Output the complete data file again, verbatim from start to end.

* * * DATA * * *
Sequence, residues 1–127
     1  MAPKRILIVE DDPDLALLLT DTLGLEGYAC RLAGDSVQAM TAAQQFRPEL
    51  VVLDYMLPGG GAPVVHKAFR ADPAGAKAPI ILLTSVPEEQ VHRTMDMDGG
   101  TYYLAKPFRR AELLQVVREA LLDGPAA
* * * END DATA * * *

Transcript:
Sequence, residues 1–127
     1  MAPKRILIVE DDPDLALLLT DTLGLEGYAC RLAGDSVQAM TAAQQFRPEL
    51  VVLDYMLPGG GAPVVHKAFR ADPAGAKAPI ILLTSVPEEQ VHRTMDMDGG
   101  TYYLAKPFRR AELLQVVREA LLDGPAA